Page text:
The self help groups’ stated aim is “to share their experience, strength and hope.” Members of the fellowships pass their own experiences on to newcomers in need of help. These groups have had widespread success, to the extent that it is mainly the concepts of AA that have informed public opinion about “alcoholism”. They understand alcoholism as a disease or an allergy. They believe that “once an alcoholic, always an alcoholic”. This implies a lifetime need for active membership of the group. Their goal is abstinence. These constructs of alcoholism are accepted without question and rigidly adhered to, the members having had experiential knowledge that AA works.
When AA and associated self help groups work, they work extraordinarily well. They provide support, encouragement and a social network for their members. It might be argued that it is precisely the certainty of their beliefs that provides the most help and direction for their members. However, it might also be argued that it is precisely their rigidity that alienates many others who have problems with their drinking.
How often have those of us who work in the field heard clients say: “I know I have a drink problem, but I’m not an alcoholic.” (Alcoholic usually refers to the AA stereotype.). They find themselves unable to buy the whole package – hook, line and sinker.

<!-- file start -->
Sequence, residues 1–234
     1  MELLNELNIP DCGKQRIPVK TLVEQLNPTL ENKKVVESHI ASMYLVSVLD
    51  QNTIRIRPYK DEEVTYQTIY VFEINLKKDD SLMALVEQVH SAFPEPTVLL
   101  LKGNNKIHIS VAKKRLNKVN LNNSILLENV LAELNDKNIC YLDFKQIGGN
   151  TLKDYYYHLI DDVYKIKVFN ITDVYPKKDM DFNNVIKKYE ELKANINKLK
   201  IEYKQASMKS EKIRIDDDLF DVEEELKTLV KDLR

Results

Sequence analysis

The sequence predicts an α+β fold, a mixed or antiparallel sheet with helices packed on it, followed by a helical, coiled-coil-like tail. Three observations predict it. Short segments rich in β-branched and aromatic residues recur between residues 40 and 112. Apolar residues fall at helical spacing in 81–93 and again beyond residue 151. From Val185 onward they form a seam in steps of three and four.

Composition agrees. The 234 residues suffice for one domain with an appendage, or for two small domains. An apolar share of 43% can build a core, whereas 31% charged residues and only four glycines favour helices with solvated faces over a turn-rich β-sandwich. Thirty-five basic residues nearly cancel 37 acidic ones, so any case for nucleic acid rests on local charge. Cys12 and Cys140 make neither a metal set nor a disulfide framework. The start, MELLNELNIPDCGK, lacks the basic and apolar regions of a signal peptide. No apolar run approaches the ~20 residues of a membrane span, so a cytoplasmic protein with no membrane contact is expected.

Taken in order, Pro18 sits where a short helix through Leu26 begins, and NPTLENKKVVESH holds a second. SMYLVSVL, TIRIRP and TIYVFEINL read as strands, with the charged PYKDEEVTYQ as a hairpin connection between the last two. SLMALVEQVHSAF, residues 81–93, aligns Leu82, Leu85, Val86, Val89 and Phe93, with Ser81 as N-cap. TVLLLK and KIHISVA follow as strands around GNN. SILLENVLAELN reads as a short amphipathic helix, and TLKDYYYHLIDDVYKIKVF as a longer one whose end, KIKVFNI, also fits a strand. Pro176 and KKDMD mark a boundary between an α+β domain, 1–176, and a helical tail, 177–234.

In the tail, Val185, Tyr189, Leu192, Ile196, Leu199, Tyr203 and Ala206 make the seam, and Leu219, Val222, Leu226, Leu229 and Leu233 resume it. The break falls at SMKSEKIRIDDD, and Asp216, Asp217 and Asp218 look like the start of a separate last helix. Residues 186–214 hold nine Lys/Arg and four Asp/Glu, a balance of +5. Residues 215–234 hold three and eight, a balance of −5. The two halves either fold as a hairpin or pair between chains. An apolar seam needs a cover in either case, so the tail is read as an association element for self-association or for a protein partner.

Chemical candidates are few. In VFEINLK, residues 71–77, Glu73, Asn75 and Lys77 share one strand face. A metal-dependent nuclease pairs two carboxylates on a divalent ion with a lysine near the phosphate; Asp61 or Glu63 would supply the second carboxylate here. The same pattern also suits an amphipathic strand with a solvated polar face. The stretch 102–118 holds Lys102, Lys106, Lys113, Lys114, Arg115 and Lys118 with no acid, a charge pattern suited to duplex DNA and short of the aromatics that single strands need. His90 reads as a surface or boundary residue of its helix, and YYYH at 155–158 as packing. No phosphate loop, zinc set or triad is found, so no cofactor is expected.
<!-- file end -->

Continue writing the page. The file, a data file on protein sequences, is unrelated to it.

In earlier days, when treatment centres were coming into being, a high percentage of alcohol counsellors were themselves recovering. Treatment centres associated themselves closely with AA, and adopted many of their principles. Their goal was also abstinence. Some did not espouse the disease concept of addiction. Most centres, however, did display the same rigidity about their preferred beliefs as was found in AA. Problem drinking was defined in a particular way, was believed to progress in a particular way, and was believed to require a particular method of treatment. Hence the proliferation of treatment programmes. Alcohol counsellors acted as if they had all the answers, and were in possession of some “objective truth” about problem drinking. It was as if alcohol counsellors had a blueprint for recovery, if clients would only cooperate.
Far More Questions